Just How Bad Were Michael Vick and Joe Flacco on Thursday Night Football?
Thursday nightâ€™s game between the Ravens and Steelers had no shortage of drama, impactful plays, and questionable decisions.
There was a shortage of something though in Baltimoreâ€™s 23-20 win: quality quarterback play.
Joe Flacco and Michael Vick both struggled to move the ball through the air, and this is perhaps most evident in the fact that neither led the game in our Passing Net Expected Points metric, which measures the amount of points above or below expectation-level a team or player performs.
Ravens holder Sam Koch, who completed a pass for minus-three yards on a fake field goal that was worth -2.93 NEP.
Flacco ended the game with a Passing NEP of -8.02, which was still better than Vickâ€™s -9.39.
The bizarreness does not stop there, as the two teams combined to complete 40 of their 60 pass attempts, good for a 66.67% completion percentage.
These 40 completions only gained 310 yards, though, for an average of 7.8 yards per completion that would make Alex Smith blush.
Couple the short passing with a ton of failed completions, nine total sacks, and two Flacco turnovers and itâ€™s easy to see why the night produced -20.34 Passing NEP.
Hereâ€™s a closer look at Flacco and Vickâ€™s nights (proceed with caution).
Making Weird History
Vick joined rare company in his first start since Week 12 of last season, when he quarterbacked the Jets to a 38-3 loss to the Bills.
The former top overall draft pick was 19-for-26 for 124 yards and a touchdown against Baltimore and was sacked 4 times for a loss of 28 yards.
In doing so, he became the 10th quarterback since 1960 to attempt at least 20 passes and complete at least 75% of them, while also averaging fewer than 5.0 yards per pass.
The list now also includes Vick, who was evidently given a very conservative gameplan on a short week while filling in for the injured Ben Roethlisberger.
One could make the case it was conservative to a fault, as Vick completed three passes on third down that were short of the sticks.
He also completed 10 passes that yielded negative expected points (â€œfailed completionsâ€), against just nine successful completions.
Between his failed completions, 7 incomplete passes, and 4 sacks, Vick had 21 negative plays on 30 passing plays, giving him a putrid 30.0% Success Rate.
The success rate in conjunction with the -0.31 NEP per pass play average puts Vickâ€™s performance in contention for one of the worst games of the year (for quarterbacks with at least 50 attempts, the average Passing NEP per pass is 0.14, while the median success rate is 46.9%)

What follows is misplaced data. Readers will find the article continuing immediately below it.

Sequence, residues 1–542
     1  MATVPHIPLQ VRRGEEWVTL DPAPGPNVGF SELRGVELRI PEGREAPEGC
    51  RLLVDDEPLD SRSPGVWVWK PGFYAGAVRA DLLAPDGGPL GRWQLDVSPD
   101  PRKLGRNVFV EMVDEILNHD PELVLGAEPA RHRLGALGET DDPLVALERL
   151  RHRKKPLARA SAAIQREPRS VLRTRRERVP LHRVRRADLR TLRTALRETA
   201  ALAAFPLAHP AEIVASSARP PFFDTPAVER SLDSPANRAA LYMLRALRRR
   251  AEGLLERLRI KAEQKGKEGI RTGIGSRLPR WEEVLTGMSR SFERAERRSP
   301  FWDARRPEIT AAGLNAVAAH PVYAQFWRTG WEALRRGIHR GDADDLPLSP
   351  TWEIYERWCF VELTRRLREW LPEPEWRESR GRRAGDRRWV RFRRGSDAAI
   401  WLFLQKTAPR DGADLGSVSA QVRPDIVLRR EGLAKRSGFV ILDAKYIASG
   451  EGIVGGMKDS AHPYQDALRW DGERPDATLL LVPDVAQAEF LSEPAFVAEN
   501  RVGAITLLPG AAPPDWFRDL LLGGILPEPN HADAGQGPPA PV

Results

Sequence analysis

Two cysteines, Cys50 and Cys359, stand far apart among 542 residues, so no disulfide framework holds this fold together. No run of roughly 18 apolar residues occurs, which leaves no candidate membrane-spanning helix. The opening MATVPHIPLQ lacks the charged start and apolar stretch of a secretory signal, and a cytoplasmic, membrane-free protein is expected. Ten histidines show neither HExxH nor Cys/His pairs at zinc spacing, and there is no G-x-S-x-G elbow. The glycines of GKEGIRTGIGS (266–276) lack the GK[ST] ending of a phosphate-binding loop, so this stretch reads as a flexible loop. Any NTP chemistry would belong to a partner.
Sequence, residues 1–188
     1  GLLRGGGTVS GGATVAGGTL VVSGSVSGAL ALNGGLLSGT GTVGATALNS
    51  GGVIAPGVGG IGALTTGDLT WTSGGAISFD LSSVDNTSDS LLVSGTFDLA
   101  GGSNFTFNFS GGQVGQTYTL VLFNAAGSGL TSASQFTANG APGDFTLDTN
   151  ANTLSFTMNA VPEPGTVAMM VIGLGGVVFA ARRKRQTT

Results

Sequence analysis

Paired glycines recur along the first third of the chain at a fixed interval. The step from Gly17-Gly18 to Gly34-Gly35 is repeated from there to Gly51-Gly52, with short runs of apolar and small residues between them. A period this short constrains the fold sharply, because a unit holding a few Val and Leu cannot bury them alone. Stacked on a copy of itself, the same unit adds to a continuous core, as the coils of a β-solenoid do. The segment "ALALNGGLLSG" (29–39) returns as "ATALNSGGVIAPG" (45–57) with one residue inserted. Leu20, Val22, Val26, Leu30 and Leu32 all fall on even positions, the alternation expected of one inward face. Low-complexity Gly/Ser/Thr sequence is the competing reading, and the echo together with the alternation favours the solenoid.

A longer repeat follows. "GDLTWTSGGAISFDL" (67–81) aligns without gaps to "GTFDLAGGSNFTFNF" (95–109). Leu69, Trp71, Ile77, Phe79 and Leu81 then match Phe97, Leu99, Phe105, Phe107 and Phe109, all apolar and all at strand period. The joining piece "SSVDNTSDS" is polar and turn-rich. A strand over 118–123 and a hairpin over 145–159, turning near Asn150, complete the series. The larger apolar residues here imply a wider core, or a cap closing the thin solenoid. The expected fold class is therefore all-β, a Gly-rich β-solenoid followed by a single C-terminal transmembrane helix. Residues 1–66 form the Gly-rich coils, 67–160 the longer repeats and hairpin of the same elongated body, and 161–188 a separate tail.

Vickâ€™s inefficiency makes it even harder to understand why Pittsburgh put the ball in his hands on multiple short-yardage situations late in the game rather than handing off to Le'Veon Bell, who had posted a Rushing NEP total of 4.19.
Roethlisberger is expected to return in four to six weeks, though former NFL player and current analyst Anthony Becht (who suffered a similar injury) told CBS Sports Radio that the Steelers quarterback could be back in two weeks.
If Vick continues to play like he did against Baltimore, Roethlisbergerâ€™s return wonâ€™t be able to come soon enough for Steelers fans.
Not an Elite Night
Things did not go much better for Vickâ€™s counterpart on Baltimore.
Despite an enticing matchup against a subpar Steelers defense, Flacco was 20-for-33, passing for 133 yards, a touchdown and an interception. He was also sacked 5 times for a loss of 21 yards and lost a fumble.
He gained just 4.4 net yards per passing play and posted a -0.21 Passing NEP per play.
Flacco also had three unsuccessful rushing attempts, costing his team an additional 5.17 expected points on the ground.
It would have been hard to predict the former Super Bowl champion would have such a bad night, given the opposition.
Flacco did come into the night ranked just 19th in Passing NEP per pass (0.04) among quarterbacks with at least 50 drop backs, but Pittsburghâ€™s defense was ranked 23rd in Adjusted Defensive Passng NEP per pass.
After Baltimore's second possession, it looked like Flacco would get the better of this matchup, as he went 4-for-4 while averaging 0.51 NEP per pass to lead a 75-yard touchdown drive.
This would not be the case, though, as the drive was a rare one in which Flacco had success.
On the next Ravens possession, Flacco was intercepted in Pittsburgh territory by Ross Cockrell, a play that cost Baltimore 5.78 expected points.
The Ravens would go three-and-out on their next two drives, and on their first possession of the second half, Flacco fumbled without being touched at the Ravens 15 to set up another Pittsburgh touchdown.
The turnovers (worth a combined -9.4 NEP) were the main difference between a subpar night and a terrible one, but Flacco also made a costly error late in the game, taking a sack on 4th-and-10 from the Baltimore 39 with 2:11 left and the Ravens trailing by three. Had Pittsburgh gotten a first down on the ensuing drive, it would have been the last play of the game for the Ravens offense.
The only positive thing for Baltimore, who had one timeout, was that the play was completed before the two-minute warning, allowing them to get the ball back after a missed field goal with sufficient time to drive for a tying score.
On that drive, Flacco completed passes of 17 and 20 yards on this drive to set up Justin Tuckerâ€™s game-tying field goal.
Overall, Flacco had 15 successful completions, 5 failed ones, 13 incomplete passes and 5 sacks, giving him a 39.5% Passing Success Rate.
Thanks to Vick, this was not the worst rate of the game, which pretty much sums up the level of quarterbacking we saw Thursday night.